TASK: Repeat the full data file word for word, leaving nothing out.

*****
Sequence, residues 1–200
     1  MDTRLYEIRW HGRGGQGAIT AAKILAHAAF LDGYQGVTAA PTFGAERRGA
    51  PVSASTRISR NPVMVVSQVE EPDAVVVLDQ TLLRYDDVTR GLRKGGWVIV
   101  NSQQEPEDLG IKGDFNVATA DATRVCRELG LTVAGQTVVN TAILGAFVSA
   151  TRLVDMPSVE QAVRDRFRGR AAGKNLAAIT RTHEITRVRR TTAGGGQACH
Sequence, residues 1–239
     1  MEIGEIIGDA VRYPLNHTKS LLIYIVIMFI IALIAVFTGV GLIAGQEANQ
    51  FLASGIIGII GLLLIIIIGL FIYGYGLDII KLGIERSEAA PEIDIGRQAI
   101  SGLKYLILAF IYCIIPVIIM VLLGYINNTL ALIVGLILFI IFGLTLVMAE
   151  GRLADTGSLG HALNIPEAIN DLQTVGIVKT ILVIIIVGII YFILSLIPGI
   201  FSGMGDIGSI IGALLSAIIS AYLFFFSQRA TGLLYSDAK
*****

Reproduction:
Sequence, residues 1–200
     1  MDTRLYEIRW HGRGGQGAIT AAKILAHAAF LDGYQGVTAA PTFGAERRGA
    51  PVSASTRISR NPVMVVSQVE EPDAVVVLDQ TLLRYDDVTR GLRKGGWVIV
   101  NSQQEPEDLG IKGDFNVATA DATRVCRELG LTVAGQTVVN TAILGAFVSA
   151  TRLVDMPSVE QAVRDRFRGR AAGKNLAAIT RTHEITRVRR TTAGGGQACH
Sequence, residues 1–239
     1  MEIGEIIGDA VRYPLNHTKS LLIYIVIMFI IALIAVFTGV GLIAGQEANQ
    51  FLASGIIGII GLLLIIIIGL FIYGYGLDII KLGIERSEAA PEIDIGRQAI
   101  SGLKYLILAF IYCIIPVIIM VLLGYINNTL ALIVGLILFI IFGLTLVMAE
   151  GRLADTGSLG HALNIPEAIN DLQTVGIVKT ILVIIIVGII YFILSLIPGI
   201  FSGMGDIGSI IGALLSAIIS AYLFFFSQRA TGLLYSDAK